Lunch and Dinner
- 90 second bread sandwich with various fillings.
- Bunless hamburger, or wrapped in iceberg lettuce, I swear, it still tastes just as delicious!
- Cauliflower Mash from Diet Doctor with a side of pure protein, delicious!
- Grill – it’s innately low carb!
- Quiche with a LC crust (an example from All Day I Dream About Food)
- Sushi, see pic below. Filled with a cream cheese horseradish spread, cucumber and avocado. Drooling?
- Zoodles, spiralized zucchini with spaghetti sauce.
- Fat Head Pizza
- Salads. I eat a lot of them because I think they’re delicious. I also never get sick of them because I always switch up the throw-ins and type of lettuce.
Looks good, huh? I eat delicious, nutritious, homemade meals. Do any of these look like I deprive myself? That’s another common misconception about LC.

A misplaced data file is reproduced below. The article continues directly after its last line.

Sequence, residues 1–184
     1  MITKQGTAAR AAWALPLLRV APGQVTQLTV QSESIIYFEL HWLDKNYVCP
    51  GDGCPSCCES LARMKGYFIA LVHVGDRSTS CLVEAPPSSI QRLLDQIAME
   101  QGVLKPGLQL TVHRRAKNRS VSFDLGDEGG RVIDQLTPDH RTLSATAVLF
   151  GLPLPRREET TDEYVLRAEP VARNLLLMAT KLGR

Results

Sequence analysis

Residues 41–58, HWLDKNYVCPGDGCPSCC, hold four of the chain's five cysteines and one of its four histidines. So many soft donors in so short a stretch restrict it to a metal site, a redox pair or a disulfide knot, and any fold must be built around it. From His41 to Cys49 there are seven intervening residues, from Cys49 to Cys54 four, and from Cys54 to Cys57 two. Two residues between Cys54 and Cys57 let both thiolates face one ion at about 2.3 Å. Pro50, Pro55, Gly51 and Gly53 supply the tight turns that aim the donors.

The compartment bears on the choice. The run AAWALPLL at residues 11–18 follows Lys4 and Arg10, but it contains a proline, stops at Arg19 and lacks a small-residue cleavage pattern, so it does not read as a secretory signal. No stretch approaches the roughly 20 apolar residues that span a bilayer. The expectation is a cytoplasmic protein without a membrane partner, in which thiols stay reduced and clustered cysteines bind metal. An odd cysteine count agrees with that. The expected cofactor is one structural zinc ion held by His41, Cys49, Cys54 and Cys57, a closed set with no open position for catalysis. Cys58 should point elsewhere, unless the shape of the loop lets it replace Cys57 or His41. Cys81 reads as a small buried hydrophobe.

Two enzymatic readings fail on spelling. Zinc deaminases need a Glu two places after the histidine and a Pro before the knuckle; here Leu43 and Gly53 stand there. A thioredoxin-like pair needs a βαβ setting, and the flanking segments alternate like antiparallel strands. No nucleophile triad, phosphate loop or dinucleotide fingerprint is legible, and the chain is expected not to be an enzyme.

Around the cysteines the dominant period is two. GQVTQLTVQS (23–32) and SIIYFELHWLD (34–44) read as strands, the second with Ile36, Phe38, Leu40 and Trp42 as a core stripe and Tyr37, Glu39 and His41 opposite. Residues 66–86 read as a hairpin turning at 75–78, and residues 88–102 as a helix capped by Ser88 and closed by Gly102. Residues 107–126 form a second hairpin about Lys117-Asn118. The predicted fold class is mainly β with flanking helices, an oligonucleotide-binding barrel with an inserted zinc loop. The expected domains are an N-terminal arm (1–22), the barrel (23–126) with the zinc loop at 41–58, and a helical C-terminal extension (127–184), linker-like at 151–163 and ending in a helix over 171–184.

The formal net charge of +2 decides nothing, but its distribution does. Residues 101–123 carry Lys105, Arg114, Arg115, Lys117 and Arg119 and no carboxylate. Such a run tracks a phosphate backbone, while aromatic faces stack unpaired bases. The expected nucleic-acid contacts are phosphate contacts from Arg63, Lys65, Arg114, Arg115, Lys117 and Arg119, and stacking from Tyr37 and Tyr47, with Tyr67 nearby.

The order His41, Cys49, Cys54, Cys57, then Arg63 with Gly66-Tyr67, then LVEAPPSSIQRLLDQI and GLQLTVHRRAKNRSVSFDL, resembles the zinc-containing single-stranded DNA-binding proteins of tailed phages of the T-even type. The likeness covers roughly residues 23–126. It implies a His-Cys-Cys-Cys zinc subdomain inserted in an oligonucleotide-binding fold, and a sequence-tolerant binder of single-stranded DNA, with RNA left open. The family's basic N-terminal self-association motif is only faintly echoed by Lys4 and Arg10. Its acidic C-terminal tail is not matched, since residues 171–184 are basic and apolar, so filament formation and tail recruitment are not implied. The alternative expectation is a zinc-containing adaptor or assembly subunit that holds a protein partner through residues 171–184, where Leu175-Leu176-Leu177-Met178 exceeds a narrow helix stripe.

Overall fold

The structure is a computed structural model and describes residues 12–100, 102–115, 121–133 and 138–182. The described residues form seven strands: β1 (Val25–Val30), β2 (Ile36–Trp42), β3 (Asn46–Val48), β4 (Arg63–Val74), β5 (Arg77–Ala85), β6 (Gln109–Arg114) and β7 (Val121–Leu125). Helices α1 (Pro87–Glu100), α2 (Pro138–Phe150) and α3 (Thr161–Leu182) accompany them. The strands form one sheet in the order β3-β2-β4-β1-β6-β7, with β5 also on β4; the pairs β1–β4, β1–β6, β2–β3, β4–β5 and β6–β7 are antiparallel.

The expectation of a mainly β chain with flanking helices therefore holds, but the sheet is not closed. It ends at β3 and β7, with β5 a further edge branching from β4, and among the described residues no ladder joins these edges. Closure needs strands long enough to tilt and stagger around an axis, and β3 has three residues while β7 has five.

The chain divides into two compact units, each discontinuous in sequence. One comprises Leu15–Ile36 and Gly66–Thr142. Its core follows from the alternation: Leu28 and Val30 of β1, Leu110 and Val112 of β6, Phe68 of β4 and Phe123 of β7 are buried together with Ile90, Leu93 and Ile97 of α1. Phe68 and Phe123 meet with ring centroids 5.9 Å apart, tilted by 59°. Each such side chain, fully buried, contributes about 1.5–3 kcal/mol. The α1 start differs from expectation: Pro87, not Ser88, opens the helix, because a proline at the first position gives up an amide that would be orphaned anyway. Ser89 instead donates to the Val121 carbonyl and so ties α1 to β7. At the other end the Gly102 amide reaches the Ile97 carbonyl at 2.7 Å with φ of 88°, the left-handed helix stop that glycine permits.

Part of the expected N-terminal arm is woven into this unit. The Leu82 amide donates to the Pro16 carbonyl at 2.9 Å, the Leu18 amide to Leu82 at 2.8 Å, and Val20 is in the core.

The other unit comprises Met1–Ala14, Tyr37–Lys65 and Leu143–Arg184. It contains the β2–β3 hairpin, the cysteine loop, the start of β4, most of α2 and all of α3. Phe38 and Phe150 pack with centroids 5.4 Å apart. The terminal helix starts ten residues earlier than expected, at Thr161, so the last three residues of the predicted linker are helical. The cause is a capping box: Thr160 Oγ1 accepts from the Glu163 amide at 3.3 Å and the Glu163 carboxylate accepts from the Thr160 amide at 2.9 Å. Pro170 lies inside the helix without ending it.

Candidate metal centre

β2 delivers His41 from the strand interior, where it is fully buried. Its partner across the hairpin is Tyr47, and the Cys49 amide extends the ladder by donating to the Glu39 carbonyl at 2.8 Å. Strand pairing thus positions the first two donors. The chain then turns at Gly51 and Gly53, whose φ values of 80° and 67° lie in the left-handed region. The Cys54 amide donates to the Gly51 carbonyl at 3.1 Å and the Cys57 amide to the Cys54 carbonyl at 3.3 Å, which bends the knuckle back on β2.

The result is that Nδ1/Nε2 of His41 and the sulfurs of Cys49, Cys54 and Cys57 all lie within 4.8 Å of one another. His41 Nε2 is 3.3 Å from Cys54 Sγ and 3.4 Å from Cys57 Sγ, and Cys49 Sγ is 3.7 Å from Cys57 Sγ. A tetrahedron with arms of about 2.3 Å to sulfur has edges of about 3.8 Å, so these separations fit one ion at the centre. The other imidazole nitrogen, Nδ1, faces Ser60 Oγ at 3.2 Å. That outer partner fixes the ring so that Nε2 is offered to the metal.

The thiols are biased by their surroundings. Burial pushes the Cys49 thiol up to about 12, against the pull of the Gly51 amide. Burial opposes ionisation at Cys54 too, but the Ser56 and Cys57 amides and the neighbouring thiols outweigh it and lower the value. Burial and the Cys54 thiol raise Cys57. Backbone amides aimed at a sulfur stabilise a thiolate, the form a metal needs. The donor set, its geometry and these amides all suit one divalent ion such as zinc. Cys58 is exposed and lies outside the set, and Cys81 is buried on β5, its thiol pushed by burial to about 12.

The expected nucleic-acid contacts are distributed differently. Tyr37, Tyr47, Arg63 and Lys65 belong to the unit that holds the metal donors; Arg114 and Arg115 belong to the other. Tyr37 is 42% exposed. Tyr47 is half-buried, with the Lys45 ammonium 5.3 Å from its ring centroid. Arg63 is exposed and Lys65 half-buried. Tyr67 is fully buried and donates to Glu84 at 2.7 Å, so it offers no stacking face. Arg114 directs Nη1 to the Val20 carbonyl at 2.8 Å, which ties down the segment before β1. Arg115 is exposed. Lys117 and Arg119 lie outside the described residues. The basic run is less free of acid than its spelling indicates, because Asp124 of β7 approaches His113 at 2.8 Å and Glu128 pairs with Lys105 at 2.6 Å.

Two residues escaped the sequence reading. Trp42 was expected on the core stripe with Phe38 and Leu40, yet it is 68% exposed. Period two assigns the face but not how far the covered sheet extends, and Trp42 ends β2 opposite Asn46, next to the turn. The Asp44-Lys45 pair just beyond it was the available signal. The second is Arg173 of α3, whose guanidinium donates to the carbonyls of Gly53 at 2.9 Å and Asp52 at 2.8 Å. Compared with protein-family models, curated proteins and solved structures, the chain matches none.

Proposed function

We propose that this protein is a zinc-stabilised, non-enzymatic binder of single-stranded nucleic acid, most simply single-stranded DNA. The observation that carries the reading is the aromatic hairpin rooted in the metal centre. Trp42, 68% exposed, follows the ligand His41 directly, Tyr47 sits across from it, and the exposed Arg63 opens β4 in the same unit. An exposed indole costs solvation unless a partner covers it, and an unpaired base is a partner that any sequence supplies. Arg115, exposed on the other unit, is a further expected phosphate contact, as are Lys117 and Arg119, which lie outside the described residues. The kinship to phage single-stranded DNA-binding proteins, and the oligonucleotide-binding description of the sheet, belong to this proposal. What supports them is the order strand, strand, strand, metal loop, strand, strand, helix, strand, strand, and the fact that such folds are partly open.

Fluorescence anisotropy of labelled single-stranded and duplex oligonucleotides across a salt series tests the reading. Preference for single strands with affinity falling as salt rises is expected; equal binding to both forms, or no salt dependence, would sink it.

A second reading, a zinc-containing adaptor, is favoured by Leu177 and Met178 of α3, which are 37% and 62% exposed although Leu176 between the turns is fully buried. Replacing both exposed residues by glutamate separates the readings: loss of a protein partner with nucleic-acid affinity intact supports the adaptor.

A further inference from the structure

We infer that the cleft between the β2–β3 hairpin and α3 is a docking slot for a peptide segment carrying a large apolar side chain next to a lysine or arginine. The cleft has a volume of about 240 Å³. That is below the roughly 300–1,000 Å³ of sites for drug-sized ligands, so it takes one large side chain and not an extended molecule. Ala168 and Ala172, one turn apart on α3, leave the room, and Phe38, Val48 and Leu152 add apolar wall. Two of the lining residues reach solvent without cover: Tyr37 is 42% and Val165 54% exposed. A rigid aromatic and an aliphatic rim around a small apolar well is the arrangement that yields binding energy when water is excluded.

I get a lot of my recipes from Diet Doctor and just around the web. I also frequently update my Pinterest, so you can see what I am eating or what’s on my list. And if you’re craving something particular, I dare you to google, “low carb XYZ”, and I guarantee you’ll find a great alternative!
If you have any questions about low carb, feel free to send me a message or comment below. And remember, sharing is caring; use the buttons below to repost.
P.S. A few notes about doctors and the LC debate. It is widely and unfortunately true that most medical professionals will try and push an outrageous carb intake on patients with diabetes, thanks the the ADA. In the end, it is up to you to have that discussion with your doctor and to choose what is best for your body. My doctor does not voice concerns over my LC lifestyle, but I am always prepared for the battle and to continue to do what is best for myself.